|Paper||Pleasant Grove News|
|Rights||No Copyright - United States (NoC-US)|
|Publisher||Digitized by J. Willard Marriott Library, University of Utah|
|Paper||Pleasant Grove News|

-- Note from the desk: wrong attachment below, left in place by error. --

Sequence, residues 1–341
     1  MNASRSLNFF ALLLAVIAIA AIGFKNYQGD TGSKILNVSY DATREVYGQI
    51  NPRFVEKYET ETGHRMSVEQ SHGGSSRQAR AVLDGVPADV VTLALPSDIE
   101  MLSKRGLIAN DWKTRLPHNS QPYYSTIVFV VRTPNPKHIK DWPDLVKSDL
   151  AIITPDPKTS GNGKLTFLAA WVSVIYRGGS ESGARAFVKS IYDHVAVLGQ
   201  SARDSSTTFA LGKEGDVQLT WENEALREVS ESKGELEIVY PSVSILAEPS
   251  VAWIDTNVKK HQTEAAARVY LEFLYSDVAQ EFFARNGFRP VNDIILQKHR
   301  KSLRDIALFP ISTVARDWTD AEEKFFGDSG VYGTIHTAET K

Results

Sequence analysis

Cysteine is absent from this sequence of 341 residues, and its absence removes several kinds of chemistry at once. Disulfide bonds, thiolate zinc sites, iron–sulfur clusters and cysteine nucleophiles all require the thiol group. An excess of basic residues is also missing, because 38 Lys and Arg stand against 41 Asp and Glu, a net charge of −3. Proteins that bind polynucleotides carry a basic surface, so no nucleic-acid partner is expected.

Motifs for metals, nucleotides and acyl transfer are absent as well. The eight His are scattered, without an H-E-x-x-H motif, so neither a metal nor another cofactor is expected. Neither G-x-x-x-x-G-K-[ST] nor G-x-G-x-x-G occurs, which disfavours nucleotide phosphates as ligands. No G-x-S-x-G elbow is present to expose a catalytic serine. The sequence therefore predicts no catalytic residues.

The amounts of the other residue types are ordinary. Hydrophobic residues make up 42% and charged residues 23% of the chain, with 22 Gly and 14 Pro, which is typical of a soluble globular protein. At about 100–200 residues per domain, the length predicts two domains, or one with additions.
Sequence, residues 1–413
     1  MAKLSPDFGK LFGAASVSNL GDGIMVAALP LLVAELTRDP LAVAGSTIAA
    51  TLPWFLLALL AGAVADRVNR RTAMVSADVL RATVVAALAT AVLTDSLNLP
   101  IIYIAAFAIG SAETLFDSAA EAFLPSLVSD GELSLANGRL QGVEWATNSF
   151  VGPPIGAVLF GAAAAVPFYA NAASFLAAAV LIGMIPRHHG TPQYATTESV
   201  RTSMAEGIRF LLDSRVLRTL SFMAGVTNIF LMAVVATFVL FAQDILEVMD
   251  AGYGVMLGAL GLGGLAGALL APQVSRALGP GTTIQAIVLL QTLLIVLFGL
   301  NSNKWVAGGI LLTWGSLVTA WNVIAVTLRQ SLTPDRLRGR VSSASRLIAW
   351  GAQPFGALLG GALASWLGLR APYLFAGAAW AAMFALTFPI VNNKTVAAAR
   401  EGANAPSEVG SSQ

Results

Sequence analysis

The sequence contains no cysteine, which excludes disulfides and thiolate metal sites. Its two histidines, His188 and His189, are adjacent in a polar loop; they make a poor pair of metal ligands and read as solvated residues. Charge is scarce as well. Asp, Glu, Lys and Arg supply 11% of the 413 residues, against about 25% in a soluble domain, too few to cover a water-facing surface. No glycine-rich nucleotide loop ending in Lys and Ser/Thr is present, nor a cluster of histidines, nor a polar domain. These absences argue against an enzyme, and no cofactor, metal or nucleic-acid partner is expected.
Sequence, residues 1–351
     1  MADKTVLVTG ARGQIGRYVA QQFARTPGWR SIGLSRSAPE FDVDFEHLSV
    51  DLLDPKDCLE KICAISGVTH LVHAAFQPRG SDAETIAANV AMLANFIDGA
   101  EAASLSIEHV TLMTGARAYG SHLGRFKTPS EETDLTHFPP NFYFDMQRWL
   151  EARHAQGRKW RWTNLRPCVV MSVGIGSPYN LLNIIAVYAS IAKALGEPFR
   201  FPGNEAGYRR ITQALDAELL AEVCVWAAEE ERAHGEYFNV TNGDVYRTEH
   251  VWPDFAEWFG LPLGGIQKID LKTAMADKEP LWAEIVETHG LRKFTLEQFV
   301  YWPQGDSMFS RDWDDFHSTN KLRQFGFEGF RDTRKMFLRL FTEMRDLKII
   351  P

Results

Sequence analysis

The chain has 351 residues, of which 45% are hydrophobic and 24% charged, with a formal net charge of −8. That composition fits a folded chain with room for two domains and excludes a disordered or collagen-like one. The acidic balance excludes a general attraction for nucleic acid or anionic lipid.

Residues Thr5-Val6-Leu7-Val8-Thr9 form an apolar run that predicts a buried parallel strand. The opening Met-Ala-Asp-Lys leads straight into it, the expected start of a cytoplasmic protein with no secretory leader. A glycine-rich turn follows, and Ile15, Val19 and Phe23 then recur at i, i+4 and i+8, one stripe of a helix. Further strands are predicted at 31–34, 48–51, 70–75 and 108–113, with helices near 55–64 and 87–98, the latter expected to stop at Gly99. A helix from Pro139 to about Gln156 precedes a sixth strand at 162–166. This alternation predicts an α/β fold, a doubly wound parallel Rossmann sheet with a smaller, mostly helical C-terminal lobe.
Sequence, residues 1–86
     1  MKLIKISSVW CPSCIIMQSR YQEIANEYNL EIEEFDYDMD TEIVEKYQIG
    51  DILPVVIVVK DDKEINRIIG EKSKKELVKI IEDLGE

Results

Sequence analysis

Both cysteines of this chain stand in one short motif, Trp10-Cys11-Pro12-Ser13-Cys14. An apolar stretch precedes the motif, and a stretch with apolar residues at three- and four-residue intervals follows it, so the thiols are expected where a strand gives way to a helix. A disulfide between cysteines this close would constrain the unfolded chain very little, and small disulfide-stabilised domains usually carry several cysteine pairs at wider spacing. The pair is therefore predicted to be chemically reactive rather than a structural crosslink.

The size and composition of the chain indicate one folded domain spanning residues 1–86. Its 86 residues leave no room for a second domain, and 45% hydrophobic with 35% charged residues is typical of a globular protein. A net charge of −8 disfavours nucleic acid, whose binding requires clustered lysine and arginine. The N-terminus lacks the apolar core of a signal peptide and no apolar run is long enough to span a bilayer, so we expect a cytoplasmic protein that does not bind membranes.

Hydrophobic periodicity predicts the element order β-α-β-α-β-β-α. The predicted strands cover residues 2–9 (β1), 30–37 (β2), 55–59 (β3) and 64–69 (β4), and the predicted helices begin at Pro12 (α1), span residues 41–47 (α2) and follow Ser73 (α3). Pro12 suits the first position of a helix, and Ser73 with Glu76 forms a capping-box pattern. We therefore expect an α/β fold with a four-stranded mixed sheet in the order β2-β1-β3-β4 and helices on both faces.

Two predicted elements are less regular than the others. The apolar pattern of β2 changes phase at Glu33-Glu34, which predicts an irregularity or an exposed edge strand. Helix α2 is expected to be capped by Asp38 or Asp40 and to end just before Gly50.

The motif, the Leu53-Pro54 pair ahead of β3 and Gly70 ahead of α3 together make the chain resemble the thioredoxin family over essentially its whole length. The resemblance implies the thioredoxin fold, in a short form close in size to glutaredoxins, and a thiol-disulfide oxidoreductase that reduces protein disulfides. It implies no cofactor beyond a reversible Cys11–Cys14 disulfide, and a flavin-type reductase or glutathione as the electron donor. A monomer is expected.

- -";- , -"'"" . . . . . ... . . . PLEASANT GROVE NEWS GOOD WORK IS LOVED WORK HIS STATUS. Y our Liver ' mTrTHTix Tat - I HE DID ms BEST. ' f ; t TJHTTl&Lmrwm b J it IvsA JVSS5J 1 tirJY&r S5 VKX ,...' ' I r 1 H7 1 sjtj - - f I 111 A. 1 fj i w.i v II M;z JiJ - KE DECEMBER, while I was out on my ranch, so much work had to be done that It was within aweek of Christmas before we were able to take any thought fpr the Christmas dinner. The winter set in late that year, and there had .been comparatively little cold,, weather, but one day the ice on the river had been sufficiently-strong to enable us to haul up a wagonload of flour, with enough salt pork to last through the winter, and a very few tins of canned goods, to be used .. at special feasts. We had iome bushels of potatoes, the heroic victors of a ' struggle for existence in which the rest of our garden vegetables bad succumbed suc-cumbed to drought, frost' and grasshoppers; grass-hoppers; and we also had some wild plums and dried elk venison.. But we had no fre&tfjiie'af, and so one day my foreman and Pagreed to make a hunt on the morrow. Accordingly, one of the cowboys rode ont in the' frosty afternoon to fetch in the sadUlt-band from the pla teau three miles off. where tney were grazing. It was after sunset when he ret b hied. It was necessary to get to the hunting hunt-ing grounds by sunrise, and it still lacked a couple of hours of dawn when the foreman wakened me as I lay asleep beneath the buffalo robes. Dressing hurriedly and breakfasting on a Cup of coffee and some mouthful mouth-ful of bread and Jerked elk meat, we slipped out to the barn, threw the saddles on the horses, and were off. The air was bitterly chill; the cold had been severe for two days, so that the river Ice would again bear horses. Beneath the light covering of powdery pow-dery snow we could feel the rough I ground Jlke wrinkled iron under the horses' hoofs. There was- no moon, but the si an shone beautifully down through the cold, clear air, and our willing horses galloped swiftly across the long bottom on which the ranch bouse Hood, threading their way deftly deft-ly among the clumpa of sagebrush. . A mile off we crossed the river, the Ice cracking with noises like pistol shot as our horses picked their way gingerly over It. On the opposite side was a dense jungle of bull berry bushes, and on breaking through this we found ourselves galloping up a long, "winding valley, which led back many miles Into the hills. The crannies cran-nies and little side ravines were filled with brushwood and groves of stunted stunt-ed ash. By th,a time there was a faint flush of gray In the east, and as we rode silently along we could make out dimly the tracks made by the wild animals as they bad passed and repassed re-passed In the snow. Several times we dismounted to eiamlne them. A We D'tAiwUd te Them. u few iMim twut'l cf rrj. plt!y frirh'.-ard ty e;r ( ;roach. t4 trot I an3 ;e4 ! I'y ahe4 of a, tea irg a trail ! ke that cf to t.tt. th lrr.r. r re difc a'.e f'jrir. of a foi croKl our fi'b. and &utu9e oo tocg fatck of tniibwood a fortes jf rouB4 IsidiiU la lha &aw hrtrajMl tkff a totxat as (UlBJsea terra tki sksU Ijat aad t lurking arowad to try to ftrk vp a rt Mt or a ra'rse foL Aa tie de r!4a4. asd It t--rasur t'ftt eao.(k to cyrtt m I tlle r e?. we fcta te lt eri la pat m J1 ac4 to fk k: I Sd ferT y tor ltU t4 fJ!- dr I!;.arto we ksa i dr tracks save ltU Ue tii ty tae rtr. aa4 e ka-rw tit U lt Uat ra taat l;e- ,riii g rf rvatiag ntUr'.A,: t;ck la awca a aUce rc4 1 a i a ' 4 e.'y kj a!i U as4 f:t it tor -.-tU c&s mm tarv t ti of mZODOBE KOCKSEVJ5L7 shaped footmarks in the snow, which showed where as many deer had just crossed a little plain ahead of us. They-yere walkingrteisurely, and from the lay of the land we believed that we should find them over the ridge, where- there was a tfru'sh coulee. Riding to one side-of the trail, we topped the little ridge just as the sun flamed up, a burning ball of crimson, beyond the snowy waste at our backs. Almost - Immediately afterwards my. companion leaped from bis. horse and Turning to Go Into the Log House. raised his rifle, and as he pulled th trigger I saw through the twigs of a brush patch on our left the erect, startled head of a young black-tailed doe as she turned to look at us, her great mule-like ears thrown forward The ball broke her oeck, and slie turned a complete somersault downhill, down-hill, while a sudden smashing of underbrush un-derbrush told of the fight of her te"-rifled te"-rifled companions. We both laughed and called out dinner" aa we sprang down toward her, and la a few minutes she. was dressed and bung up by the hind legs on a small ash tree. The entrails and viscera we threw off to one side, nfter carefully poisoning them from a little bottle of strychnine which I had In my pocket. Almost every cattleman cat-tleman carries niilson and neglects no chance of leaving out wolf bait, for the wolves are sources of serious loss to the unfenced and unhSused flocks and herds. In this Instance we felt particularly revengeful because It til but Jt few days since we had lost a fine yearling heifer.' The tracks on the hillside where the carcass lay when we found It told the story plainly. The wolves, two In number, had crept up close before being discovered, dis-covered, and bad then raced down on the astounded belfer almost before she could get fairly started. One brute bad hamstrung ber with a snap of bis vise like Jaws, and once down, be w as torn opea In a twinkling. No sooner was the jus up than a warm west wind began to blow in our facea The weather had suddenly changed, and within aa hour the snow waa beginning to thaw and to leave patches of bare ground oo the hillsides. hill-sides. We left our coata with our borses and struck off on foot for a group of high buttea rut up by the cedar ca axons and gorges, la which we knew the old bocks loved to lie Tfc-a noon before we aaw anything nor. We lunched at a clear spring not neetibg much time, for all we had to do 1s'tP drink a draught of Icy water and munch a strip of drld ; rt-nlton Shortly afterward, as we were tnovtag along a hilUMe i h ! . Vnt caution, we came to a her can j icii of which the cr poette face m ; ir.hn by Hule fed- grown up with ' lnd t-atPB cedars. A we pjwd net the tit. ay coc-r sfcion to-ithrd . t.r ana ad pointed s5-at!y to on of the Met, and lottafitly I caught i the g tint of a buck's horns aa be Ur f ha:f tw Med an old re trtiuk. A o'lctt h !t of polkii gave e a ' ixit h sUeila down bit bil tr. and tboica be atrvtfV-d t ! h. !-t k dJ4 not' go S yard a."-r ' r-tvit( tfce riliet Tbe ao U i4 ewrry - 14 Irg the borvv aroqad w aekd tt tmck fctie4 ey rxrrci"w's '. and ika r! back for tb do, wbkb fit bh"ed mit But we wre o d!ad to i"si bsc4 a liftt advt-ir.. Wba we go te ffe rir we rwS l4i:y ya the k. 4 li-c tiiw. asd cs.4- . way tare a and. tr?&4iyi ' rrwb. asd kor dr wre ; ra;tt fcclr la fe tr a&:j ' U1 f fciiiiJig l Mwr. tt was 1tiI5ow atd BaO rws foi- taaa krd wck aad a k "1; ta n. P-t Li! cared we? We w-i rrtsrt,g trtsxrcaat wl-a anr CVlet i Merchant What? You were robbed rt avor'thln(r nn theWAVT "T lessengerYeTC1 biitden They gave me a receipt AGONIZING ITCHING. Eczema for a Year Got No Relief Even at Skin Hospital In Despair . . Until Cuticura Cured Him. 1 was troubled with a severe Itching Itch-ing and dry, Ecrufy skin on my ankles. feet, arms and scalp. Scratching mada t worse. Thousands of small red pimples pim-ples formed and these caused Intense tching. I was advised .to go to the aoapital for diseases of the skin. I did 10, the chief surgeon -saying: 'I never 1 saw such a bad case of eczema." But I pot little or no relief. Then I tried many so-called remedies; hut I became bo bad that I almost gave upn despair. After suffering agonies for twelve months, I was relieved of the almost unbearable itching after two or three applications of Cuticura Ointment I continued its use, combined with Cuticura Cuti-cura Soap and Pill, and I waa completely com-pletely cured.""' IlenrVSeale, Little RockkArk.. Oct 8 and WHSOl." Potter Dnif ft Chcm. Corp, 8ule Props, Boaton. Stated in Cold Figures. . It costs on an average about 1250 to cure an Incipient consumptive or to care for an advanced case of tuber--culosis until death. If he Is loft in destitute des-titute circumstances without proper attentiop he Mill surely infect with his disease at least two other persons, and possibly more. Considering that the -average life Is worth to society In dollars and cents about $1,500, the net loss w hich would accrue to a community com-munity by not treating its poor consumptives con-sumptives In proper Institutions would be, for each case, Including those who are unnecessarily Infected, at the very lowest figure. ) 1,250. On this basis, If the poor consumptives In the United States who are now slck were segregated'' segre-gated'' from their families, and either kept In Institutions until they died, or else cured of their disease, the saving sav-ing to the country would be the enormous enor-mous sum of $1,275,000,000. Safe Place for the Author, "In a email town where the audi f nee calls for the author of the piece .o come before the curtain, tie always fHls better If the curtain has a lot of local advertisements on It," Bald the manager. - ' "Why so?" asked bis friend. "Why, the ix-ople In the audience are not going to throw eggs and take a chance ou selling tbelr own adver-tltf'-ments. are they?" Yonkera Statesman. States-man. His Retort. Newianre Ho you know, young man. that five out of six eopIe ho suffer from heart trouble have brought it upon themaelvea through the filthy habit of smoking? Karfiilfj'- rurally?-And t"wibly ym are aware that nine out of ten pwple mho suffer from Mark eyes ran trare the complaint to a habit iof not minding mind-ing their own burineM. Pearson's Weekly. X Every Little Bit Helps. The bvturer ralisej his voi-e with -;npha;lc ctmfiilmce. "I venture to afttwrt," he said", "that there Inn't a man In this audU-nn who has ever done anything: to pretent the destruc-tkm destruc-tkm of our forr-ts." A r.:oit looking man in the bark of the hall stood up. " I r- I r shot io.K-k-r." b aM. Kveribods'e Majcatlne HABITS CHAIN Certain Habits Unconscious' Formed and Hard to Break. n Irgi-rilous fhllotor bT estimate, that the amount of will power tir-c-a-siry to br.-ak a llfe hma hat It imi!I. If It could tra!tfortnd, lift a weight of r.iny tons. It M)'i.Mir f'l .irt-a a h!jthr dp-"r dp-"r of b rol.m to brk ih rhsias of ttt ir .: hibit than to lead a (tr-!"-n bor in a b!T,i UmV A lJy wri-f-s frr-ra aa IndUna ioi: "I'Ymn rttr ear'.Ut rhi!4h-aj I was a rr of r!-e. llfiin I tmii at mf t-n I waa a n.lsTatl djrp'lc. -af-f'r rg ft rifely at titaa with my -a-at h I as C"t5:B--d tt i! it fS- tl.t s r.-4;6g ft lrW acu J"t I w'jI isp d oy BsTwtf a re? for If'skfisl. At th at cf C I ta rry r.r health, Its44. Ify r a ta daffr nl hremit a rkfd "l?'.t I t r five cf 4- Kk.re n tt t-r4lft. al"fc-r.'c t! k c ''r. :y l.l. umtli I '.-1-WI fv',im I -rtf4 to rcske It f f"r .ftt i g to r-!. s. a&d tt (i) k ! 4t srVf.t pna'a for rakat. sl cvr s ' tt ' m ' . "I I"3 X Z'T XfrriYmi Vifl 4s rr'. t'i lta 7" 4 f i w ta cy vua. a tis .4 to tr. so I inr fyfe Ijr- k 1 tr. fr f k I trie to k.Tl Ron I to i"'," TV'i a Rr " re rad aw lWf tn.t a Contentment That Is Chief Part of Life. If a man doesn't love his work, hfi had better get something else to do. But the trouble is that such people will hardly-. Jove any kind of work. The trouble is in therii. They lack intelligence. If .they knew enough to know good work, they would soon learn to love it. The" manual-train-ing scheme hi tta's in view to sur- i.tMs. io,yiew' to. si a J;an is doing wi ctijf'and taste as w rouna me job a ith such intelligenc ill make it attractive to him. - "TTie man w ho is in love "with his of life .man any other, says ISrander JIat; thews; and he gets a great part of his contentment iu ildiflg his work right N'o man can love his work who shirks. No man can be contented who 1,dis-honest 1,dis-honest about his work. This is shirking shirk-ing or doing, it negligently. So these things alwajs go together honest w ork, eonteinnient and love of the job. The Vacant Chair. What sail memories linger around the old vacant chair. Sitting in the tni liUo of the floor, wtth a plaintive look about its frayed, ami seemingly weary back, it brings back a tumultuous tumultu-ous riot of sail recollections that time CaTi never eTTacetT Volumes of blfterl anguish come to me when I arrive home In time to catch the milkman swiping the loose furniture around the-T place, and take off my shoes to. avoid publicity, and strike niy best toe j against the rocker of the old vacant chair. Then, forgetting for the moment mo-ment my unclad feet. I kick the chair on the other rocker. That Is when lite KJ'lness find sttflVring that lingers arouu.l the old chair conies out with an extra elition-anl great chunks of gloom seltle over nit; like a herd of Ill-natured Ill-natured flies. Oregon Journal. Now and Then. lie Is a capitalist now in an Ohio town, but he was hot always thus, lie has progressed along various lines, an.l one mark of his progress Is the oVetj hack shirt, a comparatively modern mod-ern Invention. To this1 he Is yet new, atii! recently conilneiite.1 upon it to a Irieiiil who was in his room while he was dressing. 'Look at me," he said, sticking his head through 1kls shirt. "When I came to this town, 1 hadn't a shirt to my back, and now now", I haven't a back to my shirt." Woman's Daring Deed. In southern Tunis lies an extensive salt marsh desert called the Shott Jerld, of which the Arabs stand In terror, ter-ror, for many a' caravan has been lost in the salt incrusted morass, which, according to De Iesseps is as much as 1,200 feet deep In places. This region has been crossed bv the first time In a small automobile by a woman, Myriani Harry, a well known rYench novelist. $100 Reward, $100. Tb radm at th spr will b Mw4'M kaaw I Uan w si tea mm 4nd4 4-rm un mmm Saa il Ss run Si N Iu av. v4 last touns. Hsu a Caurrk urm m Urn anif ailn raa M kaowa to laa mmlirai traimiii. (aura a nuatlluUBnal daraaa. numv a maalila-KWnMii maalila-KWnMii Hvtls talarr (WI k Uira St. tartiailf. artkic dkm'r upo Ui S -1 aM murmm SjoaOailaa of l ha am mm, aad ctn u patmt " auaaata f buiMm up idmimimi and mm. tag aaiara la o as wnrk. lka arooririnn tava aa aarfe tana la Ha rursuv po-fa inal Uirr oSM Uaa H'Mn4 I Mian anr M Ikal a Sua la ira. Mad ha MM a( tltnrta Addnaa V. 1 H N.V A lu. lotoda, O. SnM kr ss tmufiata. :kr. laka Uaa s t sauir ru-s tor Precocious. The little sir! waa acting naughtily before) company. Her mother warned her sharply. "if you do that again, I'll smack yon.- she said. "No you won't." r-plnd the pert daughter. "I'll sit down on myst-lt and Uen you can L" , At i runs 1 1 WMI lalaaald twi'aa. naiN tm 1. t.ad dna MtM nmKl 1 .t.i m-m. kf ai araaa' - aad tt av a'V Did It ever occur to oj that book worma are aaful lxr- Mra, Wlaaltar'a klaa- arrap. V'arrV--ra m4.m 1 1 t .. rra k tiiaiiii .a.taaaat.taraaaiadatfc- ktiaua Everyone can do his best thing eaa-lst. eaa-lst. Krorrson. 4 PIL I harm .;?rrr-l t-.5i r I tiiry. ai yrr. tae yrr !. Att-.l I tr r tkj( Ca:r? f a ce. .' la tlse cuwrr tA a werk trJ 11 t.irs bT to d-Jf7"ar ai at tSl J ki tSatv csi . Uxlie kk at aX Caacayrt s kvkut aTOo.'-r f tar. I a e-.'irv'v rar4 aal f t I l.le a twey rat ifKxrgt krTr, KpM&ds, O. . : SMtuMloajrf l. 1anaaM - ea tm a-.ari ia a kJS PUTNAM daalkaaTaT aTafJr' . i Dat's a swell horse youse got, Jim- mie! What is he, a charger, or ?" "Aw, by'Se way tie 'Ts "always kicl I guess he's just a plain mule!" Indorsing Shackleton's Claim. ' Grimm I'm incliued to have con-iderable con-iderable confidence- in Explorer. Shjickleton. Primm WhyT Grimm lie may be a little too positive posi-tive in asserting that he didn't discover dis-cover the south pole, hut I'm ready to give hiiu the benefit of the doubt. Cleveland Plain Dealer. Described. Miss Giddigosh Oh, uncle, have you seen the WiUiaiuses' baby? Dp describe it to me. Uncle Smirk Description I'm! ah! very small features, clean shaven, red-faced, and looks a hard drinker. The Fountain Head of Life A man who has a weak and impaired properly digest his food will soon find that his blood Las . become weak and impoverished, and that his whole body is improperly aud inkufficiciitly nourished. , - Dr. PIERCE'S COLDEX MEDICAL DISCOVERT ' makes the ttomacb BtronQ, promotes tlio tlow ot dl&estlve rices, restores the lost appetite, makoi assimilation perfect, InvlSormtea , the liver mad purities and enriches the blood. It Is the treat blood-maker, tlesh-builder aad restorative nerve tonic. It makes men atrooi la body, active In mind . and cool la lud&ement. This "Discovery" is a pure, glyceric extract ol American medical root, absolutely free from alcohol and all injurious habit-forming drugs. AH its ingredients are printed on its wrappers. It hat no relationship with secret nostrums. Its every ingredient is endorsed by the leaders in all the schools ot medicine. Don't accept a secret nostrum as a substitute for this time-proven remedy or known composition. Ass Your nf( unions. T hey must? know of many cures maJe bv it during past 40 years, riglit in your own neighborhood. World's Dispensary Medical Association, Dr. R. V. Pierco, Free., Buffalo, N. Y. PINKEYE Cares the atrk and aeta aa a premntlve for olht-ra. Ojald a' aa thdtuoa-a. (af fur brood marvaaml allolhrra. Urit ktdurjr mnedyjkdr eni aud II flu btHl lt ; to.00 and IIU UU tbe doara. rlold by all drusraa aa4 auras goods aouaea, or Mat tiprraa pmM, br Us Biaattfacsar-arav SPOILM MEDICAL CO, Ckemista, GOSHEN, INDIANA FUR WE cur fnr te in ae-t sv ssoear Mail ml mnmm, fit fr ITio LAtA. HUNTERS'&TRAPPERS'GUIDE." mmtm UttW fewad. mm tkff mmmm li r Sinaa. nt. Traaa. aaMlwM. hitndwrjffrkMrfA Pwm. l. Sb am,. SI ay S'4ln i ll Hw an iitM. hiM4 f- - 1r- I in t i ill i KVST3 Tmc Laaotar MaNuracruncitoe MCN'S flWC WOcatHTHC WOMLO Wear W, L. Douglas cowfoftablet aasrwathlnc ahoea. Thar are mada upon eonor, of tha boat laatn ea,af I ha ajaatskUI4 aarirk aa. In all the tatast faaMona. Srtoea Nl awerf atyte ana) an ape to euN mas In all walks of Ufa, . If I coy HI take you Into tw larma factories at Brockton, Maaa ana) show roe how caraf wily W.kDour laa ahoaa are mada, yo ssovid) thaa unearataad) arhy trtay kold tnalr aha pa, fit cattar, taaar kxifar ana) are of graater valtra tnaa any W har maaa, CAI TIOM frwttiat W I. DooaUa aavaaad taa rail arwia ta a aatpadoai Ua bottoab Taka Ka SaaatUaAa. When Gold Vhca cold winds fclov, blrfne frost Is in the air, and back-draughts down the chimney deaden the fires, then the PERFECTION Oil Heater (Equipped with Smokeless DevlctT shows Irs sure heitloj po'cr by steadily surplyiRfc !u the beat that is needed for comfort. Te rerfcctfO". Ol Heater la onafectcl hf wcarher coni It faJa. No STTvoie no stkII turf m fraiai, Mtjilyinf heat,- The ec Automatic Smokeless Device rrtcnf tte wkk Ke--j rr:c4 tio t'gh, KC'EvUJ 13 a3 ir.vui. Ir' f -t h-Mt 4 rar!t rf t-2 trrry lmt IrTfcrr, !! V- At Vwv W- l-m IWtat Crrsar . to httt Atmy at ua coirnxEHTAL oil cojcPAinr lU.ataal) :f r fi fi n i it r - ' - ' '''WawajaaaaaaagaaaaajaaayaajaajaaiaaajBi L a . w FXDELESS DYES a Skr a- mm I iailks VSaa l ts ia. avaaca aa UNaas. taaJK That's Why You'rw Tired Out orterlsvo No Apptrt, v CARTER'S I LIVER PILLS will put you right la a tew day They do their duty. Ctte Coutipt. tioa. Bit. , Indiitttiom. asd Sick SdtdM. SMALL PILL, SMALL DOSE, SHALL PRICE GENUINE must ber ngnature: DIOLA DYES ONE DVK FOR ALKOODS " 1 fast, brilliant rolnrn, HV )-r pa ui at dFwUflrm. If nui tn tatwk wii.t Itki Ktatin: mnr d.-niml acit SHm.' wilt lHbtnl illidirwttoU 1 ob :ml roloreartX. 1-f-LA ll irliimtou. U RAW.FURS: liiglmftt prttv p.ii I nt1 6 iHTafUinrtviuninv roxz imu; jt uciol o. Coin. - ir.wfnnl, He-h. I i . ftK define mm jbf W. N. U., Salt Lake City, No. S1-19C9 o- . Is The Stomac mm stomach and who dues not DISTIMPEI CATARRHAL FtYEl . AND AU NOSE AND THROAT DISEASES tnr ym to skta Haw Fnr aad Tli ka toaathaa ka HrM hP"H, hhi pvl"fl 1 ui i-r-rt our aa Ika aafciwS aw a-nllM. llMkrau all tmr 1.' m ia AaV Qmam lw. mam mm W a M aa4 km Ian mnrfiataaiMM. '4 a r- i liltink llm. fail 1S Jlaaaaalla.Mli Winds Blow 4 r 'wt t gWe cast a eWirj hru. I . . r it t.r f it- k) raaf a a i ki, akaa,,,,, av rraCaaeWw 0UH CO . O.aaaxa. fj aiaaa 1 . ' ..... . ' ' . " .